Joel Johnson, an Ohio State University associate professor of electric engineering, is using a new radiometric sensor that detects plastic mines that are invisible to metal detectors. The sensor detects low-frequency microwave radiation. "With lower frequencies, the advantage is that you can detect more types of objects, but the image isn't as clear as with millimeter wave technology," he says. The sensor is considered passive because it only detects radiation and doesn't emit it like other detection technologies. All objects emit some low level of microwave radiation, which is what his sensor detects. Johnson's sensor picks up the unique microwave signature that is dependent upon the material from which the object is made. Johnson and graduate student Min Zhang developed computer models that take into account the different signatures. The same technology is suitable for detecting the roughness of the ocean surface, which could help meteorologists study weather patterns. Johnson says that the National Oceanographic and Atmospheric Administration, the Department of Defense, and NASA are involved with the project and there are plans to launch the microwave sensor on a satellite in the next few years. The Office of Naval Research sponsors the project. Radiometric (Boulder, CO) is building the sensor. For more information contact Johnson at (614) 292-1606 or send e-mail to email@example.com.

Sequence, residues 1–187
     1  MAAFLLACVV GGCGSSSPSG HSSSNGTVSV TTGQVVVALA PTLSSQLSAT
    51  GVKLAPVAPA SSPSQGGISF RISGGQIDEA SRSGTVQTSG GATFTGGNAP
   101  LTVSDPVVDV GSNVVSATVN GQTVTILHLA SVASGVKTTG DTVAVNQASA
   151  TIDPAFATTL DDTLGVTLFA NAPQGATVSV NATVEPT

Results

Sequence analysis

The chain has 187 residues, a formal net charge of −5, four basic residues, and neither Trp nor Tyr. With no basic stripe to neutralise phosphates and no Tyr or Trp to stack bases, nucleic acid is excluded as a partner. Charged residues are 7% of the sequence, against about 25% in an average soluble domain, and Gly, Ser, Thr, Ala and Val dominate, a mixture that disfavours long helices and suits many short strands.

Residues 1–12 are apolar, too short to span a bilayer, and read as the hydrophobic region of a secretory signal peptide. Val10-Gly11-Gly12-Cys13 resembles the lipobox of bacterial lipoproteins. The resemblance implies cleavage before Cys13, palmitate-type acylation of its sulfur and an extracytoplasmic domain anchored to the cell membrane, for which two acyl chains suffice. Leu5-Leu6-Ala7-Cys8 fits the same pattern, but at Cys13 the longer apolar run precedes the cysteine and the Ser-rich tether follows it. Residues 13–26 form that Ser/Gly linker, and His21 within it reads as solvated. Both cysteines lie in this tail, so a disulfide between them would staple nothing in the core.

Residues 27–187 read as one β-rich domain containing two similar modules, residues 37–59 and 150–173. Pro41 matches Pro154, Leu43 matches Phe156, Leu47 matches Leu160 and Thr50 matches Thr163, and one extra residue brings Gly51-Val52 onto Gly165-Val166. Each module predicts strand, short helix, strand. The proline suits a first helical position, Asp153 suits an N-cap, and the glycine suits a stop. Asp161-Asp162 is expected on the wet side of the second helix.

The word “smart” is becoming the dumbest word around. It has been applied to almost every device and system in our homes. In addition to smartphones and smart meters, we now hear about smart clothing and smart shoes, smart lights, smart homes, smart buildings, and every trendy city today has its smart city project. Just because it has a computer inside and is connected to the Web, does not mean it is smart.
Are you being paid enough? Do you want a better job? According to a recent survey Manpower released just before Engineers Week, employers and engineers don't see eye-to-eye about the state of US engineers' skills and experience.
Focus on Fundamentals consists of 45-minute on-line classes that cover a host of technologies. You learn without leaving the comfort of your desk. All classes are taught by subject-matter experts and all are archived. So if you can't attend live, attend at your convenience.